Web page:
Monday, December 5, 2011

Downton Abbey (Season 1)


Plot summaries for series such as this present something of a difficulty.  Because it isn't really about plot at all. Not that there aren't story arcs--there are.  Downton Abbey is subject to an entail, and when the heir presumptive and his son are killed in the sinking of the Titanic, the Crawley family struggles to adjust to the new heir--a distant cousin working as a middle class attorney.  The entail itself and whether it can--or ought to--be broken is the focus of much of the season.  Then, too, the series follows the romantic misadventures of the eldest Crawley daughter, Mary (who was informally engaged to her now-deceased cousin, and thus expected to eventually share in his inheritance of the title and fortune), as she explores her options.  Younger sisters Edith (plain, overlooked, and eventually spiteful) and Sibyl (kind, modern, and supportive of women's rights) also get smaller story lines, but Mary and her marital prospects are the primary focus of the 'upstairs' crowd.

Below stairs, other crises take center stage, most notably the new valet to His Lordship--an old army friend injured in the Boer Wars.  As the household adjusts to his handicap, soulless footman Thomas and his scheming cohort O'Brien, maid to Her Ladyship, seem hell bent on getting rid of the new valet.  Who is, by the way, pretty much awesome.  Or at any rate, Anna, the head housemaid, certainly seems to think so... 

It comes as no surprise that this series was created and penned by Gosford Park screenwriter Julian Fellowes.  Although this series is set a few years before Gosford Park, many of the themes are the same, as the aristocracy is on the wane, and the lower classes are poised to forge existences for themselves independent of their employers.  World War I looms in the future, women want the right to vote, and electricity and telephones begin inserting themselves into daily life.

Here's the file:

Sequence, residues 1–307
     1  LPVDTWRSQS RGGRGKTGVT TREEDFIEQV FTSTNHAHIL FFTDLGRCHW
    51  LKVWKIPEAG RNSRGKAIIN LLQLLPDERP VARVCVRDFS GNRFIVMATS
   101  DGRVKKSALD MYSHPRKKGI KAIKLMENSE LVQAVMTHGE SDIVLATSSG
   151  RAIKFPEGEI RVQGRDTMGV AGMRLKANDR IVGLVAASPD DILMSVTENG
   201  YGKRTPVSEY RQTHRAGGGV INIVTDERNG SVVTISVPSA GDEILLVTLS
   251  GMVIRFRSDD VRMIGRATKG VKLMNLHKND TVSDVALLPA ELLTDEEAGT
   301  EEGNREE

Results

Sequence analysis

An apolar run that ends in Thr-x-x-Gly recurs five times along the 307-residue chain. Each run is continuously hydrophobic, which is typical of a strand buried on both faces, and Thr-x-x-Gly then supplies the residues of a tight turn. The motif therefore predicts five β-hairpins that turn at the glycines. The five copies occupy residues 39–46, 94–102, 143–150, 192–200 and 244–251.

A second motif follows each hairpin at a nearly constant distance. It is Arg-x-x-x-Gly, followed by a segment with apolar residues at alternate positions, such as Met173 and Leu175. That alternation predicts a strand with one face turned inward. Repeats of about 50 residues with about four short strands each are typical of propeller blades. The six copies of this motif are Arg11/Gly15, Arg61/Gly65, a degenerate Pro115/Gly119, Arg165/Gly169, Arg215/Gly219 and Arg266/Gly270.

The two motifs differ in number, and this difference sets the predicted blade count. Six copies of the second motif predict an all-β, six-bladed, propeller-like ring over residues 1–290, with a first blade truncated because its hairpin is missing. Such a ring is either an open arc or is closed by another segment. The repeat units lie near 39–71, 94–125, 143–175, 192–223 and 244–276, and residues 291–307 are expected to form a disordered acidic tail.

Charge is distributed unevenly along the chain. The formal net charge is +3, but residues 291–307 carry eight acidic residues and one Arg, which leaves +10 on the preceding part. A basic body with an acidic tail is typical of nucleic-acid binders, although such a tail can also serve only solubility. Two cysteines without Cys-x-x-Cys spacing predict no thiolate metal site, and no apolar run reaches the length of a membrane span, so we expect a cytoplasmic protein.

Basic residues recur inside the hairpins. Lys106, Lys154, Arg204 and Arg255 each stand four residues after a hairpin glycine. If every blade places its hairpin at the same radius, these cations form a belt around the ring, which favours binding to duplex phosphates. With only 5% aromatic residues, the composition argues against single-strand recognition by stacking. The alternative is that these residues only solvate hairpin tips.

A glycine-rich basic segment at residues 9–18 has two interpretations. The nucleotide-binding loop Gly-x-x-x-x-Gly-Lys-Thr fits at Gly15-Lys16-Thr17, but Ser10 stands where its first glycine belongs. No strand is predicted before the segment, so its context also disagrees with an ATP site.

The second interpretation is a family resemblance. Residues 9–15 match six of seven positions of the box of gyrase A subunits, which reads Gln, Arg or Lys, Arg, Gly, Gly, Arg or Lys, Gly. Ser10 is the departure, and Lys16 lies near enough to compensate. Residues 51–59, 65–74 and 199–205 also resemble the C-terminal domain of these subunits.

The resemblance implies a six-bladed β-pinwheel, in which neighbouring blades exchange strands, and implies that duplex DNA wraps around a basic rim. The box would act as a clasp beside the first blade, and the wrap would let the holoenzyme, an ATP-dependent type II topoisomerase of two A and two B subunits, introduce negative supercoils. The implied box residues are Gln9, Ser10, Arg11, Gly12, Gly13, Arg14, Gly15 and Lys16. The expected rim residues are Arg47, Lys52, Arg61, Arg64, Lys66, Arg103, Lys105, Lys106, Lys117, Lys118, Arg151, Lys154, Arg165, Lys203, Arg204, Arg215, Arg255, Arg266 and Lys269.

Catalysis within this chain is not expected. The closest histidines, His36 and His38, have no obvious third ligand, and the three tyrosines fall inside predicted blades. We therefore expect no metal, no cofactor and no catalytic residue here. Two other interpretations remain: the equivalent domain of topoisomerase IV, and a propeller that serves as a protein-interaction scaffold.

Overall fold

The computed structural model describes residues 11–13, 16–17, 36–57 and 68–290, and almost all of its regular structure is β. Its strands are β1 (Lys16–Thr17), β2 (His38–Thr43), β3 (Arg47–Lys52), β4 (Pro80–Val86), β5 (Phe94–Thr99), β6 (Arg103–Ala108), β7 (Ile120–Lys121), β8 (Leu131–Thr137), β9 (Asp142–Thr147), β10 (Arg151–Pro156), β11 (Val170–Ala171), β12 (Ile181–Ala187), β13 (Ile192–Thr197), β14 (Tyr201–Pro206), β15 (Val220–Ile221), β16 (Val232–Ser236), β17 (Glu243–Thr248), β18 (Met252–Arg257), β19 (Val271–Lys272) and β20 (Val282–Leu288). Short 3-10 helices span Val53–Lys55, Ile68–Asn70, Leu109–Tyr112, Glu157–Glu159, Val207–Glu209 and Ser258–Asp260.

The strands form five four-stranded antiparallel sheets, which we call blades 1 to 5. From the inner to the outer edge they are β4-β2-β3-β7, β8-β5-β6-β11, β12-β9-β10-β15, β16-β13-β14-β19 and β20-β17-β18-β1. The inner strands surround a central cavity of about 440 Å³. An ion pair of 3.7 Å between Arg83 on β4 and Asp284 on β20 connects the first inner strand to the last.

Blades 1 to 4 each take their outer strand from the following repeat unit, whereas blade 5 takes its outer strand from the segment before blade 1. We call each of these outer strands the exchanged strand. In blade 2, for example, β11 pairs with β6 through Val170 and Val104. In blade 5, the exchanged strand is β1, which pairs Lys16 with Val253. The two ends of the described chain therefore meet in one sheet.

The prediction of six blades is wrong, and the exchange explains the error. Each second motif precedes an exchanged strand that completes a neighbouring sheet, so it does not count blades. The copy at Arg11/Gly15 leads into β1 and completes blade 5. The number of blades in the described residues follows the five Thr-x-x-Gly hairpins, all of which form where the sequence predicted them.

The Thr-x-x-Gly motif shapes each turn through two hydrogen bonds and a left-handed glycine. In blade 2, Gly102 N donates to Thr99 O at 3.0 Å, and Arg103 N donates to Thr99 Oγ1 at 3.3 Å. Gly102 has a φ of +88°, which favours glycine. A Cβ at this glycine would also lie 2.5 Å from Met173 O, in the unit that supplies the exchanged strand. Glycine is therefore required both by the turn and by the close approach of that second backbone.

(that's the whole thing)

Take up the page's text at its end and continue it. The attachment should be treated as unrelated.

Fellowes has a knack for creating complex and interesting characters, and he disburses virtue and vice both upstairs and downstairs.  There are characters to admire and love (butler Carson, housekeeper Mrs. Hughes, head housemaid Anna, valet Bates, and footman William downstairs; the Earl, his wife, his mother (Maggie Smith at her Maggie Smithiest), and his youngest daughter Sybil upstairs) and characters to hate (most notably footman Thomas and lady's maid O'Brien, but occasionally Lady Mary and Lady Edith).  And even the hateful characters seem to have layers, and can, on occasion, engender sympathy (with the possible exception of Thomas, who seems almost improbably selfish and never gives the slightest hint of any redeeming quality). 

The complexity and effectiveness of these characters is due not just to the writing, but to the acting as well; both are superb, as you might expect. I will admit that things were a little slow for me from time to time.  Gosford Park was ostensibly a murder mystery, and even though the real point of the movie was something completely different, there was always that plotline driving you forward through whatever social issues were being explored.  Here, there is no such plot line.  It is a character drama, and it is about the characters.  Without a clearly defined major story arc, the series seemed to meander and even stagnate a bit.  Still, it righted itself in time, and I will say that the writers did a nice job of creating parallels among the various story lines in the individual episodes. 

All in all, if you like this sort of thing, you'll probably enjoy Downton Abbey.  You just may have to exercise a bit of patience to wade through all the criss-crossing story lines.

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